Habitat For Humanity marked thirty years of operations in New Orleans with a major milestone, as they raised the first wall on the 500th home they've built here in their mission to provide housing for low income families.
Denise Brown helped lift the wall and nail it in place on the houseshe and her daughters will move intowhen it isfinished.
'I'm so excited, Bill, I don't even have words, but I don't want to cry, I'm too excited,' said Denise. And you, are you already looking for your room?'Yep,' answered her daughter Erica. 'I already think I know which room I want before they even build it.'
My first Action Report on Habitat was in 1988, when they were struggling to build their second house with just $50 in the bank.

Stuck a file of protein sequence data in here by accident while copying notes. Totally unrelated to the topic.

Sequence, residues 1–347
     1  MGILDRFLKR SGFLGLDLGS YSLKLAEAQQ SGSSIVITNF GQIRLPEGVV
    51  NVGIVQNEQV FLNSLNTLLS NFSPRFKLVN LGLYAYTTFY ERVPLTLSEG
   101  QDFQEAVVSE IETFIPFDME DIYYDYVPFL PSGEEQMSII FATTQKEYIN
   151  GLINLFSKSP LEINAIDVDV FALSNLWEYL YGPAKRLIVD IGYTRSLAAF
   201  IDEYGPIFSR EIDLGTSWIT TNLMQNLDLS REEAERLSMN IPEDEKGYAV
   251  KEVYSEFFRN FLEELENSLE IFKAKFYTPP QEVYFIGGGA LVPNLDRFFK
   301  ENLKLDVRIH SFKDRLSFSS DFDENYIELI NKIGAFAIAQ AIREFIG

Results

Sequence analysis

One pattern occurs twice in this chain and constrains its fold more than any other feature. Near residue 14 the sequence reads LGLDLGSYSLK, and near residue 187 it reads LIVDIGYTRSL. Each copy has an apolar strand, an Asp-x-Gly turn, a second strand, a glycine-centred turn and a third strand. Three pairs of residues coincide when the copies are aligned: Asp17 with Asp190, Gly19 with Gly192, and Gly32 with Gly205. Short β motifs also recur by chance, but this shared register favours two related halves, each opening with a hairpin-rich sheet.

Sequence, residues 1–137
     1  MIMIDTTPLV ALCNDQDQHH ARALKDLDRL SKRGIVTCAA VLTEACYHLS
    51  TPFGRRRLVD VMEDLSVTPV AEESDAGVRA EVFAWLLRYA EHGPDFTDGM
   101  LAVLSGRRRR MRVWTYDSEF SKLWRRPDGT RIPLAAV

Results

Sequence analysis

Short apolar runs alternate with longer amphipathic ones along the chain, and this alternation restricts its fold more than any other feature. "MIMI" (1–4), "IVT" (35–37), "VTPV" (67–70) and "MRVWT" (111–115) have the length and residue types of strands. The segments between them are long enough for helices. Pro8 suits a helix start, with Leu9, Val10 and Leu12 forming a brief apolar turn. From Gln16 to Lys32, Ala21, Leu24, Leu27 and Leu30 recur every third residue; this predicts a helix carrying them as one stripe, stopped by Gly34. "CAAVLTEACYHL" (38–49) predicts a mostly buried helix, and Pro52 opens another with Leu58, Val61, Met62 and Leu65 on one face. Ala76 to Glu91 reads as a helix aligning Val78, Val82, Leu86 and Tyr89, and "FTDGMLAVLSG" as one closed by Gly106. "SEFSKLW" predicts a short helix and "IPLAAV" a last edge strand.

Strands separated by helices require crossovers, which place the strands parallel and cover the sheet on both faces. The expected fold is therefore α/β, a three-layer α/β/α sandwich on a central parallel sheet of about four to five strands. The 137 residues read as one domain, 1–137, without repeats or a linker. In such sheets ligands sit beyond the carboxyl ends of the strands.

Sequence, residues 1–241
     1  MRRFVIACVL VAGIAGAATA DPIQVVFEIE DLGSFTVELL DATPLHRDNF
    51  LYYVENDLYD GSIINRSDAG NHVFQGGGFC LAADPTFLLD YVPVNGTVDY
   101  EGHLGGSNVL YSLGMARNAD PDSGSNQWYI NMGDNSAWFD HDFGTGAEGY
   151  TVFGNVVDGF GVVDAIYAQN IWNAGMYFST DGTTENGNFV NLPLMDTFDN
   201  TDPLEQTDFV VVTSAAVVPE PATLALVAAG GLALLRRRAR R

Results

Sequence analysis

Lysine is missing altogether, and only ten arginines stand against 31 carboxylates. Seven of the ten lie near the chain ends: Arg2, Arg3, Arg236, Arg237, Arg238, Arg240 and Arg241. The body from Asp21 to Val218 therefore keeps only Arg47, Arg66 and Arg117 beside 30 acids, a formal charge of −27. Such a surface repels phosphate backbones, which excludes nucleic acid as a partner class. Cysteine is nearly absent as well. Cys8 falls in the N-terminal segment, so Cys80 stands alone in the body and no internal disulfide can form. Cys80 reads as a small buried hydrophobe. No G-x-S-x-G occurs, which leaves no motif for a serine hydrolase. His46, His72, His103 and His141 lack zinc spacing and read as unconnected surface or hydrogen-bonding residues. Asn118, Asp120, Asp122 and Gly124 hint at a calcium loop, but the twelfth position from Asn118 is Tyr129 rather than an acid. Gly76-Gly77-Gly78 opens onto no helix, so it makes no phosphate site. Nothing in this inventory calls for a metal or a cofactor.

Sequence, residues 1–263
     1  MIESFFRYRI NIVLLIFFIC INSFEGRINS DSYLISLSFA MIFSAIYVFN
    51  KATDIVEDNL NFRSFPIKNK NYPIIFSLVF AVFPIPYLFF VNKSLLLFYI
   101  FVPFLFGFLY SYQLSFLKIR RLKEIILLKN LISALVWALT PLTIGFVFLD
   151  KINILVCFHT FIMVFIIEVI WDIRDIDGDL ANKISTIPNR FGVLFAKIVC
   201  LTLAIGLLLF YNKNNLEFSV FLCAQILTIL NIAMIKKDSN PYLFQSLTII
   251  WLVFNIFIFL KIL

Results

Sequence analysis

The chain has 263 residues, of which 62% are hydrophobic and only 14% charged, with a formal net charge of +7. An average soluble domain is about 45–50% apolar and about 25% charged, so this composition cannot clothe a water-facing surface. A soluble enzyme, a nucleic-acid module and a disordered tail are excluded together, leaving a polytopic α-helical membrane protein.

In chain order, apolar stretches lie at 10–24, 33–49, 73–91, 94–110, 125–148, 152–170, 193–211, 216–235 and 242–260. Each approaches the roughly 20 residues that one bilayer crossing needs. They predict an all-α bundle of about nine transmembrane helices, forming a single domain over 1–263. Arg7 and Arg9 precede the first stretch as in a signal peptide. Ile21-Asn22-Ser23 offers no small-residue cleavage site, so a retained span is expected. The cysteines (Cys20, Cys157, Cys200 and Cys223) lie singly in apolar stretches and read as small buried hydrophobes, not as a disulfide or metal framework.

'You tend to forget about yourself when you go help someone else, and that's what's happening here,' said Habitat leader Bill Bell at the time.
(Habitat For Humanity managers have plans for ten more projects in the coming year -- those were the words of a much younger Bill Capo in 1988).
Oh that is painful to watch. By the time Hurricane Katrina hit, they were on house 101. Then they made a huge committment, a committment they met with house 500.
'We had committed to 400 houses post Katrina, and the failure of the levees and floodwalls, so this satisfies that, but we're going strong,' said Habitat Executive Director Jim Pate.
They plan to build at least thirty homes a year, that owners like Denise pay for with no interest mortgages, and by helping with construction.
'Financial support is critical for us to keep going. We're a non-profit,' explained Jim Pate.
'You're building your own home,' said Denise Brown. 'ou can learn from them, as a woman, where you don't know how to paint, or how to do anythng. Everything I learned from Habitat. It's like I say, I don't need no handyman, I don't need to call nobody, I can fix that door myself.' For more informaiton about Habitat, visit their website at www.habitat-nola.org.